It's not uncommon for women to experience a brief period of the blues after childbirth. The sudden drop after birth in the hormones experienced during pregnancy can have a significant impact on mood. That, along with lack of sleep and the increasing responsibilities of caring for a new baby, can make quite an impression on the mothers mental health.
"This is why symptoms of postpartum depression may be difficult to sort out from the physical and life changes brought about by the birth of a new baby. What you want to watch out for is the severity of these feelings and how long they persist," says Vesna Pirec, MD, PhD, a psychiatrist and researcher at Rush who specializes in womens mental health issues and posttraumatic stress. "If it last longer than 10 days or the symptoms become more severe, the mother should see her doctor for immediate evaluation and treatment."
In addition, any fears a mother has of hurting herself or her child need to be taken seriously, according to Pirec. If the mother has either of these concerns, she needs to seek professional help immediately. This, of course, is true at any point, not just when the child is a newborn.
Some common symptoms of postpartum depression are:
- Insomnia (mother cant sleep even when she gets the opportunity)
- Frequent crying
- Lack of appetite or interest in food
- Feelings of inadequacy and guilt
- Being withdrawn from others
- Feeling withdrawn from the child
- Anxiety (feeling worried, nervous, fearful or uneasy)
- Obsessive feelings (having recurring unwanted thoughts, feelings or impulses)
- Having self-destructive thoughts
- Feeling suicidal
- Feeling like she wants to harm her child
You or a loved one may have one of these symptoms or many. The most important thing is to seek help right away, especially if the mother feels like she may harm herself or her baby. The doctor will be happy to work with mother to evaluate the severity of her symptoms and explore what resources and treatments are best for her.
"Many people don't realize that postpartum depression may occur up to six months to a year after the birth. It's important to be vigilant," says Pirec. "A mother may not show symptoms until several months after the birth. She also may not recognize her own symptoms because of insomnia or feeling overwhelmed."
The Importance of Support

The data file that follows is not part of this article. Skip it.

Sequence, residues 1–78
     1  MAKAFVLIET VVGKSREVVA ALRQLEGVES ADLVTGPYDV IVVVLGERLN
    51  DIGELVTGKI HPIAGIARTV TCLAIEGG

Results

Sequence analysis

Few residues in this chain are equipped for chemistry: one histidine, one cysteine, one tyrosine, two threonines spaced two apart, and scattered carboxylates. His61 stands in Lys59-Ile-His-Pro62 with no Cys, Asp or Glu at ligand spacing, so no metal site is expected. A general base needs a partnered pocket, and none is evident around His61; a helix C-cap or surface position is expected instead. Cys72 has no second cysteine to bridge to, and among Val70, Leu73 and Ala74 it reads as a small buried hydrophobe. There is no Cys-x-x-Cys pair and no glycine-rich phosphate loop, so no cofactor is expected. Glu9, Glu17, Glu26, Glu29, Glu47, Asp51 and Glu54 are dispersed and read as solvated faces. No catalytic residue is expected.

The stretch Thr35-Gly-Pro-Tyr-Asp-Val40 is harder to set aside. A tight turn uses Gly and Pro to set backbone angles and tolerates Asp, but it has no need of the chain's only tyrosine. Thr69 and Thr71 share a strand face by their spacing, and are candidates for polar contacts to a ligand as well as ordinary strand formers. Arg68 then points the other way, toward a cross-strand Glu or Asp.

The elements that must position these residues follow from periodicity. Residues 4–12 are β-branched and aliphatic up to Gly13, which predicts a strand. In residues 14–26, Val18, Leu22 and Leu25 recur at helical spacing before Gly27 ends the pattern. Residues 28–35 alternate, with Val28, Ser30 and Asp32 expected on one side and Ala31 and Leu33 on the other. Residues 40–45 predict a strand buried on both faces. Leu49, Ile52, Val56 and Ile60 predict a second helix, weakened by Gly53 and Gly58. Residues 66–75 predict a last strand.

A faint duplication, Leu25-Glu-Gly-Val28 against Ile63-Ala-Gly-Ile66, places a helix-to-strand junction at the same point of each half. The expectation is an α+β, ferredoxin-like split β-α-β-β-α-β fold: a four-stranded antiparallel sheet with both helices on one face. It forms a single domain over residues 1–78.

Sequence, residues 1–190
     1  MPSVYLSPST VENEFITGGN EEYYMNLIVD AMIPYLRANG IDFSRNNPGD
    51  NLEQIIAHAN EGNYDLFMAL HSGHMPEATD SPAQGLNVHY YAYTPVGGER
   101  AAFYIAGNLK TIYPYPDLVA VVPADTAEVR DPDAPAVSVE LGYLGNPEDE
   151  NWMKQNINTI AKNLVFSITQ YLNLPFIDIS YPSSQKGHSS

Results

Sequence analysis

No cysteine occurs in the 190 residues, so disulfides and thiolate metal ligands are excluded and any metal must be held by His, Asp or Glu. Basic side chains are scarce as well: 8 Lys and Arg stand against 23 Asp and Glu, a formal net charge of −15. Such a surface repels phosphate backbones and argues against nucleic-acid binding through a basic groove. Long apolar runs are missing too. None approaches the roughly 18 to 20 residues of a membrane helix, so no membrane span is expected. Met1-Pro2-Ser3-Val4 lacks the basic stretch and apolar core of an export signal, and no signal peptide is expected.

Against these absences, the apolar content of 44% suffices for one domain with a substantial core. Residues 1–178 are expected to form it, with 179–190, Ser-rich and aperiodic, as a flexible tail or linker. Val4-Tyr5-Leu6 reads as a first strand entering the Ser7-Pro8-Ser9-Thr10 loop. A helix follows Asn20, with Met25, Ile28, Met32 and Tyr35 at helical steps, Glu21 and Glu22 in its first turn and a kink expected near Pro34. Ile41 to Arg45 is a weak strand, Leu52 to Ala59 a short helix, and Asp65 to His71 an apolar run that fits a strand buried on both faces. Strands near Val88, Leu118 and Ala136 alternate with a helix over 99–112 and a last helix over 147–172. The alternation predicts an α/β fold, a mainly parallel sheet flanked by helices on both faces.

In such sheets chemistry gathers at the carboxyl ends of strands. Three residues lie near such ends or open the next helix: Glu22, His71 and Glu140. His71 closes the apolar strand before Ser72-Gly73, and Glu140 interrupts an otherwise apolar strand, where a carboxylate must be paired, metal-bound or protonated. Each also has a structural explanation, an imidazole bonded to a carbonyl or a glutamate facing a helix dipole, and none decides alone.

Good support from family, loved ones or professionals is key to preventing or lessening the impact of postpartum depression. "You need someone who can come in and help the mother," says Pirec. "While it's helpful to have emotional support, you need someone who is physically there to help relieve some of the burden of providing care for a newborn."
"You'd be surprised what a difference it can make for someone to organize things so that the mother has a lot of physical help," Pirec adds. "Enough help that she gets the rest she needs and feels she can do a few things for herself."
Risk Factors for Postpartum Depression
There are a number of things that can put you or someone you love at higher risk for depression during and after pregnancy:
- Personal history of substance abuse problems (abuse of alcohol and other drugs)
- Previous history of postpartum depression
- Personal or family history of depression or other mental illness
- Previous history of premenstrual dysphoria (a severe form of premenstrual syndrome)
- Not enough or no support from family or friends
- Anxiety about the newborn or fetus
- Problems with previous pregnancies
- Marital or financial problems
- Being a mother at a young age
"While being a young mother is a common risk factor for postpartum depression, my observation has been that professional women who are having children later in life are also vulnerable," Pirec says. "This group, probably because of their business training, seems to have more anxiety about trying to do everything perfectly, and this takes its toll on their mental health."
Postpartum depression is a serious, but treatable condition. The most important thing is to either prevent it or catch it in its earliest stages. "To prevent it, provide the mother with lots of hands-on support, like doing housekeeping or watching the baby for her," says Pirec. "Help her to feel like shes doing a good job as a parent."
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Please note: All physicians featured in Discover Rush Online are on the medical faculty of Rush University Medical Center. Some of the physicians featured are in private practice and, as independent practitioners, are not agents or employees of Rush University Medical Center.
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